Keeping up with Imperiled Freshwater Snails

The Freshwater Invertebrate Resource Assessment and Research Unit conducts research on Floridobia species.

       Researchers examining snail samples

No niche is too small when studying Florida’s natural resources. Currently, scientists with the Fish and Wildlife Research Institute are evaluating the population viability and genetic status of imperiled snails within the genus, Floridobia (formally Cincinnatia). Species of this genus are small (2-5 mm in length) and inhabit low-oxygen spring systems. There are 13 known species of Floridobia that live in Florida and of these, 11 species are only found in single-spring systems. One species, Floridobia mica (the Ichetucknee siltsnail) is confined to less than one-tenth of an acre in the Coffee Spring system within the Ichetucknee Springs State Park.  Another species, Floridobia monroensis (the Enterprise siltsnail), was thought to be extinct but was recently re-discovered by FWC, Stetson University and Florida Museum biologists sampling in Benson’s Mineral Spring near Sanford.

The Freshwater Invertebrate Resource Assessment and Research Unit, headquartered in Gainesville, is beginning the second year of a three-year project to determine the distribution, abundance and habitat requirements of these 13 Floridobia species. In collaboration with geneticists, the team aims to establish a baseline for future monitoring efforts. Presently, there are no quantitative data on the current status of these populations. Additional objectives of the project focus on gathering molecular resources to infer evolutionary history for the genus, evaluate species boundaries, and determine patterns of gene flow amongst populations.This research is especially timely because of the current petitions requesting the U.S. Fish and Wildlife Service to list several Florida Floridobia species.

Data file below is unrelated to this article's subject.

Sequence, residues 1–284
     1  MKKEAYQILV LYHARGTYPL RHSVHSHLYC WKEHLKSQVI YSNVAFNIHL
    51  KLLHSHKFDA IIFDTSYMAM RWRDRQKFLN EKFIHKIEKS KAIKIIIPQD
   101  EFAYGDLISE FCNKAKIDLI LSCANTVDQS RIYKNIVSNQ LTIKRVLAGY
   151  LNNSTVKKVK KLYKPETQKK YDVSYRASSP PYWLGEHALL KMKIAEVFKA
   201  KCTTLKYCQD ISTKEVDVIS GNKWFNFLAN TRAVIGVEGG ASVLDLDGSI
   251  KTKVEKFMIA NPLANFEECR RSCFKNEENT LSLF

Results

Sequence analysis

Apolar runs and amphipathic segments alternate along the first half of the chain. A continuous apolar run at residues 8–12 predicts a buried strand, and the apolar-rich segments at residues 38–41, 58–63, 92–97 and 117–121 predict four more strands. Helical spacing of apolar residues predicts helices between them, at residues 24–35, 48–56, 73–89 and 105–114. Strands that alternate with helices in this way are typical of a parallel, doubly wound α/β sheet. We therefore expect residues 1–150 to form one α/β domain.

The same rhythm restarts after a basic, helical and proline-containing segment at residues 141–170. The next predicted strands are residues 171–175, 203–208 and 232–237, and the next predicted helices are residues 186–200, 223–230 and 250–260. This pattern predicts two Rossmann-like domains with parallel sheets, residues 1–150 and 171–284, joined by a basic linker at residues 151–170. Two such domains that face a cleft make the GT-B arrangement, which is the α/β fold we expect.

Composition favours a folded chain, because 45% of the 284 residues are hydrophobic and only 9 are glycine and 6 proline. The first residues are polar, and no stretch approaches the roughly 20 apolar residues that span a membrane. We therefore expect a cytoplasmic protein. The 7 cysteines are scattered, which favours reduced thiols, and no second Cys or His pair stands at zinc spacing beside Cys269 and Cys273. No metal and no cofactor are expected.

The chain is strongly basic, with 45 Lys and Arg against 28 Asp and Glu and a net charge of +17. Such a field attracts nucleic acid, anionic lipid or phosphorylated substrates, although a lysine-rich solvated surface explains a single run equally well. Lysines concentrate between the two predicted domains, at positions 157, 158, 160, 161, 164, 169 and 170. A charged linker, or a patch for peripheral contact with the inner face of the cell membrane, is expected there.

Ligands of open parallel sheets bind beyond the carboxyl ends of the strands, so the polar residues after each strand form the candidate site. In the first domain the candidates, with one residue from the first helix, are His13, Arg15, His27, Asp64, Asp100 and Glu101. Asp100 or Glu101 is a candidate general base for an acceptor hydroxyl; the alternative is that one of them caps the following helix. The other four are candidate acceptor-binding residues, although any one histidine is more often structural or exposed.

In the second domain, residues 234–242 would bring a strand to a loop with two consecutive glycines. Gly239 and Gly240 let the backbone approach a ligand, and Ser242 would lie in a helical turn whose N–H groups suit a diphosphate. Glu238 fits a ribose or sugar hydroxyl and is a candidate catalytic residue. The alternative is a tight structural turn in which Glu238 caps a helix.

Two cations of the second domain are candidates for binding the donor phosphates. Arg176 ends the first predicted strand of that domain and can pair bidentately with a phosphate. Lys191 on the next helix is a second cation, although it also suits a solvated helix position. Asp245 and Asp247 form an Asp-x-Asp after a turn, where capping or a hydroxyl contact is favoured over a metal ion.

All of Florida’s endemic Floridobia have been designated as Species of Greatest Conservation Need by the FWC and are also ranked as G1 (critically imperiled) by the global conservation system. We know that their habitats are seriously threatened by increasing rates of water withdrawals, habitat destruction, declining water quality, and invasive species. However, most Floridobia species in Florida were only recently discovered (1960s) and described by Dr. Fred Thompson of the Florida Museum of Natural History. Consequently, very little is known about the origin, life history, ecology and tolerances of this group of extremely small snails.

Fieldwork update, February 2016: Recently, the group has conducted quantitative sampling of Floridobia mica in Coffee Spring and found it to be moderately abundant in some habitats (mostly bryophytes), but it is now threatened by the invasive snail Tarebia granifera. Researchers sampled Benson’s Mineral Spring again for Floridobia monroensis and were not able to find a single specimen. Poor habitat and water quality in the spring appears to have affected the abundance of the snail.


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